Venezuela raps satanic US comments on military ouster of President Maduro
Venezuela’s Defense Minister Vladimir Padrino has decried US comments about the possibility of the military ouster of Venezuelan President Nicolas Maduro in a coup d’etat.
Speaking during a broadcast on state television on Friday, Padrino said US Secretary of State Rex Tillerson’s five-nation Latin America tour was seeking a regional “intervention” against the socialist government.
He added that Washington seeks to undermine democracy in Latin America and return to the days of “imperialism.”
“Every day he distances himself more from diplomacy to enter into warmongering. You have no moral authority,” said Padrino, flanked by armed forces’ top brass who swore loyalty to Maduro.
“This man… will try to persuade Latin America governments to intervene in Venezuela. That’s a publicity stunt,” he added and held US President Donald Trump’s sanctions liable for economic hardship in Venezuela.
In a wide-ranging speech at the University of Texas on Thursday ahead of his Latin America tour, Tillerson raised the prospect of a Venezuelan military coup to topple President Maduro.
Tillerson claimed the United States was not trying to implement a policy of “regime change” in Venezuela but advised Maduro to leave power on his own.
The US official predicted there would be some kind of change in Venezuela and insisted the United States wanted it to be a peaceful one.
“If the kitchen gets a little too hot for him, I am sure that he’s got some friends over in Cuba that could give him a nice hacienda on the beach and he could have a nice life over there,” Tillerson said, referring to Maduro’s close ties with Cuba’s government.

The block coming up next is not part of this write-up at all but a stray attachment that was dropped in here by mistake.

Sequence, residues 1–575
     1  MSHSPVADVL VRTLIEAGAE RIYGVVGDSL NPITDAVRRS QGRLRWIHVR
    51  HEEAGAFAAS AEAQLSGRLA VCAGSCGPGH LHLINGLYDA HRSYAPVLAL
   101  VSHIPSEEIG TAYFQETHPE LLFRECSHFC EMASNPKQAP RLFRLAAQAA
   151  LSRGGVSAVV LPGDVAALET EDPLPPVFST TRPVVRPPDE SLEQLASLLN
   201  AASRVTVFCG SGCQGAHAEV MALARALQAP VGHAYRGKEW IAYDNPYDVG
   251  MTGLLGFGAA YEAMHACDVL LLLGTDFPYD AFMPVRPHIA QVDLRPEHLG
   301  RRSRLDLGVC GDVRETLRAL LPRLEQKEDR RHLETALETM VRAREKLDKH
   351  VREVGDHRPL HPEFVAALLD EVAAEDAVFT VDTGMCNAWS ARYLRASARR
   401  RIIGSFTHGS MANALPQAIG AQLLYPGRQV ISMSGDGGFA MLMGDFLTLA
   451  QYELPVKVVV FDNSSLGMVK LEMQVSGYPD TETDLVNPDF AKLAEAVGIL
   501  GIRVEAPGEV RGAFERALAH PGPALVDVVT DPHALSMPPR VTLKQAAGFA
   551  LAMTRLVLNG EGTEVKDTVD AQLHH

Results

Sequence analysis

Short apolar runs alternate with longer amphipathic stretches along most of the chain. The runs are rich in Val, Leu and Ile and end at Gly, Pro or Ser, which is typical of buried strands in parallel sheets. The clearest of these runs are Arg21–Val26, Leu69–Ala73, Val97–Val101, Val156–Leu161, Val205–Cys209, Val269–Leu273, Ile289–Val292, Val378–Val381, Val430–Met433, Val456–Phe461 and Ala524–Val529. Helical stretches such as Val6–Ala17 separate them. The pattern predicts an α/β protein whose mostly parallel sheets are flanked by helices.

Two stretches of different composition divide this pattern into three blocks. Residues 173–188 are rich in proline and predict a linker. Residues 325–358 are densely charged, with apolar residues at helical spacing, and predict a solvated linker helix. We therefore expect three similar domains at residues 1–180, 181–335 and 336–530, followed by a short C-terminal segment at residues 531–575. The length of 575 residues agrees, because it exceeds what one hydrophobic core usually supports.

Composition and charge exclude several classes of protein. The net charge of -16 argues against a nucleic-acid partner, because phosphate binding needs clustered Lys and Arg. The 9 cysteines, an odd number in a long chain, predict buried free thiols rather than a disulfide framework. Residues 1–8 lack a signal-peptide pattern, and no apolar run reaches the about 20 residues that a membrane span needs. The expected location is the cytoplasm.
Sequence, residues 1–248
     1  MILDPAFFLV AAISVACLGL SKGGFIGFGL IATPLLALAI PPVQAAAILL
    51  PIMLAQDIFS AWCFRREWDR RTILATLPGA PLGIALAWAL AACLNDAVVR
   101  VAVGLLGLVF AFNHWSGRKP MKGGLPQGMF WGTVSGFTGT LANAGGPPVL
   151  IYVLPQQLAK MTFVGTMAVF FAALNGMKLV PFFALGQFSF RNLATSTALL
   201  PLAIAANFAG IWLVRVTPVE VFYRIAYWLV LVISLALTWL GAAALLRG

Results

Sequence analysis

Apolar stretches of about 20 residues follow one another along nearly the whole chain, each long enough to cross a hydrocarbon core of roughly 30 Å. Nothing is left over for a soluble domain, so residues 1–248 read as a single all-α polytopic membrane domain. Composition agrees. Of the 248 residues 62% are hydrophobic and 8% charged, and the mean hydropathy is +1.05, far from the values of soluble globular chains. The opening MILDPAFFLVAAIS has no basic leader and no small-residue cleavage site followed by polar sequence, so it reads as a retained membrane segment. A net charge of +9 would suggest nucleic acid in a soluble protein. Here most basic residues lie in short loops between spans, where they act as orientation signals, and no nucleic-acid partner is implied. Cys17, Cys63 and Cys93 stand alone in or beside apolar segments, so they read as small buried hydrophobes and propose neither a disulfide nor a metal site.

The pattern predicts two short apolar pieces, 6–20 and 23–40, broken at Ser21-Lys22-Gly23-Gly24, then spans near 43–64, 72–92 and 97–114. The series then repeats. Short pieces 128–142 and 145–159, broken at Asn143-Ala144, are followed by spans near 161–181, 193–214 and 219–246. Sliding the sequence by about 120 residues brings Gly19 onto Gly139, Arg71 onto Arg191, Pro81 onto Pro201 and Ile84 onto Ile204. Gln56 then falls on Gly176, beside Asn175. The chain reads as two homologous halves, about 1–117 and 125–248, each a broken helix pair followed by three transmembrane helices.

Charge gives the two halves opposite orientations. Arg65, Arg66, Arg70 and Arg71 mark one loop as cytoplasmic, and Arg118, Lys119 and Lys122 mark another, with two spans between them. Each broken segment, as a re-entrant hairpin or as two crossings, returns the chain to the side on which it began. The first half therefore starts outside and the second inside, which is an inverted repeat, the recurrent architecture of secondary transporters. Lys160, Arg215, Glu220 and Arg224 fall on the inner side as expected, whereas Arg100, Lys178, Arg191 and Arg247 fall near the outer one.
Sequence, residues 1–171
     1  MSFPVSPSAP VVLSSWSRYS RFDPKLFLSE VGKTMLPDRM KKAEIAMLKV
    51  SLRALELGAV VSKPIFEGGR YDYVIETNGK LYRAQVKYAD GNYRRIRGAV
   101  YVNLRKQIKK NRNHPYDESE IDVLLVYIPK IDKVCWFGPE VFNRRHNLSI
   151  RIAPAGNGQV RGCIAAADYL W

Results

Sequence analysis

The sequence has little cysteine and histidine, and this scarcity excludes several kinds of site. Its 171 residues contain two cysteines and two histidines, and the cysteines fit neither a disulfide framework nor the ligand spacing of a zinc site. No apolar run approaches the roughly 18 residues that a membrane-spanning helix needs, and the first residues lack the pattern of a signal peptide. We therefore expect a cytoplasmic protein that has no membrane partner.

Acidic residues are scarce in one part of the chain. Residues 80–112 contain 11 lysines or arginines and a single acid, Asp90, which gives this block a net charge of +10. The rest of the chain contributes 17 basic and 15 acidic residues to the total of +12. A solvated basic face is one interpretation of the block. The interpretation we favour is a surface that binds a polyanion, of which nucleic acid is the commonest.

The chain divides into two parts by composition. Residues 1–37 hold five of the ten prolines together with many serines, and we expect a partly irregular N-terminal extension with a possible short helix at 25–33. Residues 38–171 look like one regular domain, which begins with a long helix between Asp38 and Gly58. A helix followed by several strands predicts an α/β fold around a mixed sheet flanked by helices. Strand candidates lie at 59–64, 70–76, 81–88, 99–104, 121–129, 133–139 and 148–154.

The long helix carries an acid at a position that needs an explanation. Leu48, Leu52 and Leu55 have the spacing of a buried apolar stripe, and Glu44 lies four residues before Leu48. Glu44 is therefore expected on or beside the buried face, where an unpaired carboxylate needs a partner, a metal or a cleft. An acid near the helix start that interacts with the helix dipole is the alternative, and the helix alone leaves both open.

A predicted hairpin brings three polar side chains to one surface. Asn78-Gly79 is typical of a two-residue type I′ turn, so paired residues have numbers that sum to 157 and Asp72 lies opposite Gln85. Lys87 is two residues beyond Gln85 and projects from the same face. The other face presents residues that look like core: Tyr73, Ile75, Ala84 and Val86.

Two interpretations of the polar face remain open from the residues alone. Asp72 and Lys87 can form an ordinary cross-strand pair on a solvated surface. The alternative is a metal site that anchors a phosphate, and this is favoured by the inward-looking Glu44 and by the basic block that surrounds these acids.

The 55-year-old Maduro, who came to power after the late Hugo Chavez in 2013, has survived massive anti-government protests during the past two years.
Critics blame him for destroying the economy of the once-prosperous country, causing an acute economic crisis and shortages of basic commodities such as foodstuffs. Opponents also accuse Maduro of turning the Latin American country into a dictatorship and seeking to consolidate power for his United Socialist Party of Venezuela.
The government claims the right-wing opposition is incited by the US to topple his socialist government, hobble the country’s economy, and plunder its oil wealth. Authorities blame foreign sanctions, led by Washington, for the food and medicine shortages in the country. Venezuela now has the highest inflation rate in the world.
Last year, Trump slapped bans on Maduro, labeling him “a dictator who disregards the will of the Venezuelan people.”
In January, Maduro started his campaign for another term in office with fierce rhetoric against the United States’ meddlesome behavior toward his country, saying the US president is “not the boss of Venezuela.”
Speaking at a campaign rally in the capital, Caracas, Maduro said, “The people rule in Venezuela, not empires. I’m ready… We’re going to win big.”